Ten fire engine sculptures are public art in Park Ridge.

Ten fire engine sculptures are public art in Park Ridge.

This summer’s Park Ridge Public Art Exhibit will delight kids and kids at heart with painted sculptures of fire engines scattered at prominent locations around town.

The 10 colorfully decorated fiberglass model trucks, big enough for youngsters to climb inside, are on view until October 7 and showcase the talents of local artists.

“They’re so popular,” said Brian Lazzaro, vice president of the Park Ridge Historical Society, of the Fire Trucks on Parade exhibit. “So many kids are on them and around them.”

Members of the Park Ridge Historical Society sought to reacquire a 1934 vintage fire engine nicknamed “Lil’ Pirsch,” resulting in artistic facsimiles of the vehicle around town.

The history society acquired Lil’ Pirsch from the Memphis Fire Department two years ago and displayed the vintage fire truck in this year’s Memorial Day parade. When the creative idea for sculptures to be displayed at key locations around the city came up, historians first thought of a fire truck.

“When we first bought Lil’ Stalk, we thought, wouldn’t it be cool to send fire trucks around town like cows?” recalled Cheryl Williams, president of the historical society.

Williams and Lazzaro’s search didn’t last long. They found Cowpainters LLC, a Ravenswood company whose website advertises about 350 fiberglass models of animals and objects. Cowpainters had a mold for a fire truck, Williams said, and the project was on its way.

A red replica depicting Lil’ Stalk was placed outside the Triple Scoop’d Ice Cream Shop on Devon Avenue with longtime Franklin School art teacher Kathy Hurley, the artist. Hurley also teamed up with husband Peadar Hurley and girlfriend Mary Ann Tunnell to paint royal blue and add woodwork – Peadar Hurley’s specialty – to the truck in front of Starbucks to honor Park Ridge’s artists. One of the artists commemorated was Grant Wood from American Gothic.

Other truck locations and artists include Park Ridge History Center (Aiden Gentile), Pickwick Theater (Abby Pinkerton), Trader Joe’s Parking Lot (Miranda Randel), St. Paul of the Cross Church (Jill Pinsky), The Metra Station (Randel), Hodges Park (Mark Zimmerman), the Public Library (Alayna McKim) and Centennial Park (Michelle Krause).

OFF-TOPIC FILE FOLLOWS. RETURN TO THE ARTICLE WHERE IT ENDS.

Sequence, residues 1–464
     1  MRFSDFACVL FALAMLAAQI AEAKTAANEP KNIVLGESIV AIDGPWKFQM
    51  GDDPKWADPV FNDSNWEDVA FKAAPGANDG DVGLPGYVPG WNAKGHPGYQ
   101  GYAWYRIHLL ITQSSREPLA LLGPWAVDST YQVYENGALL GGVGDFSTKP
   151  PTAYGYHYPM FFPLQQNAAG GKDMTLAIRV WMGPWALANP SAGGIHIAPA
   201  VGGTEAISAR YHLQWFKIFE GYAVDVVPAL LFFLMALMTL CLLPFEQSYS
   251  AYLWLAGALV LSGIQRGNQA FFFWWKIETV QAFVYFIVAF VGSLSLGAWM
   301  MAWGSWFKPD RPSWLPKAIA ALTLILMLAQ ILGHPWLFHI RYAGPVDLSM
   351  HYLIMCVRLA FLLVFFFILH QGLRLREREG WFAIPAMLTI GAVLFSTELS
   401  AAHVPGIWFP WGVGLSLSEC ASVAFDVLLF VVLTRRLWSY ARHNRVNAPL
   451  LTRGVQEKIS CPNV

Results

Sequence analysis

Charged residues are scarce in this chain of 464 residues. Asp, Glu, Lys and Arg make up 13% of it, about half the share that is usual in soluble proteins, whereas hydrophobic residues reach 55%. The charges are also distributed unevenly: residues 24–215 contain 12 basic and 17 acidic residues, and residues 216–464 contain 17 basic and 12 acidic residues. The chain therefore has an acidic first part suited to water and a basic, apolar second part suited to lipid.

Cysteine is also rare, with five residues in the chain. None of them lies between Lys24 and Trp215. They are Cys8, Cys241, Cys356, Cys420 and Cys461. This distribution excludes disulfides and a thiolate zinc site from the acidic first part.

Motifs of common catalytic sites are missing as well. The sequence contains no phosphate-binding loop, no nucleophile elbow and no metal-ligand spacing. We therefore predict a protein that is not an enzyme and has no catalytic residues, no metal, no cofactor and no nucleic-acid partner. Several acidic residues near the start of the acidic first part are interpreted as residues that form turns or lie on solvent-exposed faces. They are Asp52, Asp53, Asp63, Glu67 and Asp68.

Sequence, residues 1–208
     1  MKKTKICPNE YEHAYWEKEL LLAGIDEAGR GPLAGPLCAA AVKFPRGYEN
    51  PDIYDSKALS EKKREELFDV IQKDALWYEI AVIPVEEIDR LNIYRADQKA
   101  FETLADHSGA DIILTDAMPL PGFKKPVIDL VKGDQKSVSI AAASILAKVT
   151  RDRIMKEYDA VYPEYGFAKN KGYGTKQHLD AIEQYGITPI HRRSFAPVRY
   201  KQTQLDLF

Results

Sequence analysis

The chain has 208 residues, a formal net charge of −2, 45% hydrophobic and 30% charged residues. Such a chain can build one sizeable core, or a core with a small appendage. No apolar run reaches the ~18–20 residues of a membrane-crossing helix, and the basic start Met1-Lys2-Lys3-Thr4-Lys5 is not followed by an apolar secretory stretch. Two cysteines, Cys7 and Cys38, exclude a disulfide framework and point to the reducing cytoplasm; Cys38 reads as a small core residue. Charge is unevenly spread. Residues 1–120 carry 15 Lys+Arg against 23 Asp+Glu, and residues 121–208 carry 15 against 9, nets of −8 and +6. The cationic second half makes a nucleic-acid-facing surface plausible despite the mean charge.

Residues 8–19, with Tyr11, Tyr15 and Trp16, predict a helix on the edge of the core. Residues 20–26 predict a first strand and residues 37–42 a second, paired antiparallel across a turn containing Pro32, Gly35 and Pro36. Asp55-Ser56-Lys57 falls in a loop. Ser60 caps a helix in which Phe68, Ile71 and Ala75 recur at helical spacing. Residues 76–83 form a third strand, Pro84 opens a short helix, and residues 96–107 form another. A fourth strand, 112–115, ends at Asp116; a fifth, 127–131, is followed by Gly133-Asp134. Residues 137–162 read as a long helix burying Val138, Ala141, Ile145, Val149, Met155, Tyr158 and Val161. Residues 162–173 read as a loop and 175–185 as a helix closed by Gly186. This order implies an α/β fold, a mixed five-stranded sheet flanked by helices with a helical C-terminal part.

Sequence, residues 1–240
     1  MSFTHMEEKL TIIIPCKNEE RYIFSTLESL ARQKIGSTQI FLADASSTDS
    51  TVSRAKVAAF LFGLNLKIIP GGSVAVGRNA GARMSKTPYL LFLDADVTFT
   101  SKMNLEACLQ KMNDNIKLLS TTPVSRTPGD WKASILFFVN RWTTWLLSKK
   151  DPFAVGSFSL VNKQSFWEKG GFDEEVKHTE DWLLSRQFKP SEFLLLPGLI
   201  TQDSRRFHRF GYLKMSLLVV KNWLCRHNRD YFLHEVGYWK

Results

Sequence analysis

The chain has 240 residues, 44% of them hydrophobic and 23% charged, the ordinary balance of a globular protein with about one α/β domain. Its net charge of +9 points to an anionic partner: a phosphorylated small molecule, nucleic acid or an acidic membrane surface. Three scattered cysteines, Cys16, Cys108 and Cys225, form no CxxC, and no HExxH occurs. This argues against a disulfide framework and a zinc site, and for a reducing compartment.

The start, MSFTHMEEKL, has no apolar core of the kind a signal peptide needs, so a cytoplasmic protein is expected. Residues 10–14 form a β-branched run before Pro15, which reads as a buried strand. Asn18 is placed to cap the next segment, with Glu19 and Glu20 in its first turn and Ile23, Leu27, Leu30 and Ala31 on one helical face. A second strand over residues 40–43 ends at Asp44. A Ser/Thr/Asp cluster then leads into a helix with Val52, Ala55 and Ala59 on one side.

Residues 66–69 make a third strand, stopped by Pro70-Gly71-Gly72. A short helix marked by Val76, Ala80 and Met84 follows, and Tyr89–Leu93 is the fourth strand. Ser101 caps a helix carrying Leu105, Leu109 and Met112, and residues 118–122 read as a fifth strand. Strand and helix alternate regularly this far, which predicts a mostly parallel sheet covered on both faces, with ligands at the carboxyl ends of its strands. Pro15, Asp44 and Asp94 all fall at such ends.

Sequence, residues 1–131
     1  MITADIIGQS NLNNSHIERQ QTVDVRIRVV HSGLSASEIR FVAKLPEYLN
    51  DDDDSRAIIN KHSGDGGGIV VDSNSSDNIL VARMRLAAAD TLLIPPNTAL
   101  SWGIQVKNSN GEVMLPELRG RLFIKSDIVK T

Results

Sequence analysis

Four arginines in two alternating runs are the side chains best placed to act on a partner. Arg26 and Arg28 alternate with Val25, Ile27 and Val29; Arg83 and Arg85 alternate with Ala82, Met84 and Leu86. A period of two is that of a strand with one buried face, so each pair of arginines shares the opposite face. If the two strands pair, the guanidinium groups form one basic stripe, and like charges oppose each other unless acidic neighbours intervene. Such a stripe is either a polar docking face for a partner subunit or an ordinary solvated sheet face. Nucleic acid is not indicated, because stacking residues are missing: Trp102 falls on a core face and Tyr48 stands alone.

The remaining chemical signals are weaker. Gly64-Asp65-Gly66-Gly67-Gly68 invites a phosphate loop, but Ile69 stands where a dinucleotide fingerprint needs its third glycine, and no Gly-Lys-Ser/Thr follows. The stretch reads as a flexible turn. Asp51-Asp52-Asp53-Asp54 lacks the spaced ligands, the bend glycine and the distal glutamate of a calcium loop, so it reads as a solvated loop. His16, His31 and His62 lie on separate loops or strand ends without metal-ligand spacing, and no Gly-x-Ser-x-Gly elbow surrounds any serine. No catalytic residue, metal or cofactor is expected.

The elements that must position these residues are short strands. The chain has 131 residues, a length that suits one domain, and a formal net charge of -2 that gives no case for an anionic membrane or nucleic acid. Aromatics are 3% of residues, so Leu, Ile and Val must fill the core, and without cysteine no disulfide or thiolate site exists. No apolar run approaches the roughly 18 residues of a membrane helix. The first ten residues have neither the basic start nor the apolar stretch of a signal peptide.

In addition to the classic Lil’ Pirsch red paint job, all of the trucks were painted with historical depictions of their locations and provided links to the history society’s website. The artists were given a great deal of leeway in their depictions.

“All I said was put the story on the trucks and they took off with it,” Williams said.

Triple Scoop didn’t have a specific angle on the story. “But they helped us with the Santa Claus event at Christmas and served hot chocolate to the attendees,” Lazzaro said.

Pinkerton, just 18 and a lifelong resident of Park Ridge, had a simple depiction of the Pickwick on her truck. She drew strips of film on the body.

“It was fun and cool and a beautiful opportunity,” she said. “I’m honored. It was a challenge. I used acrylic paint.”

Pinkerton is not yet pursuing art as a career. A graduate of Loyola Academy, she enrolled in Biomedical Engineering at the University of Miami. But she had experience painting the month signs and the stars at the TeaLula tea shop.

For Hurley, a 32-year-old art teacher at Franklin School, the two trucks were an opportunity to show her students that she’s not just a teacher, but a doer.

“It’s great to actually make art,” she said. Hurley drew some dials in Lil’ Pirsch’s model “for the kids to pretend to drive.”

Such a tactic was effective.

After the trucks complete their trips in October, they will be auctioned off with the historical society as the beneficiary, Williams said.

Dolly McCarthy of Stroll Park Ridge Magazine worked with the historical society and contacted local sponsors. Each truck cost $1,200.

“We have asked the sponsors for $2,500 each, with proceeds going to the historical society,” Williams said.

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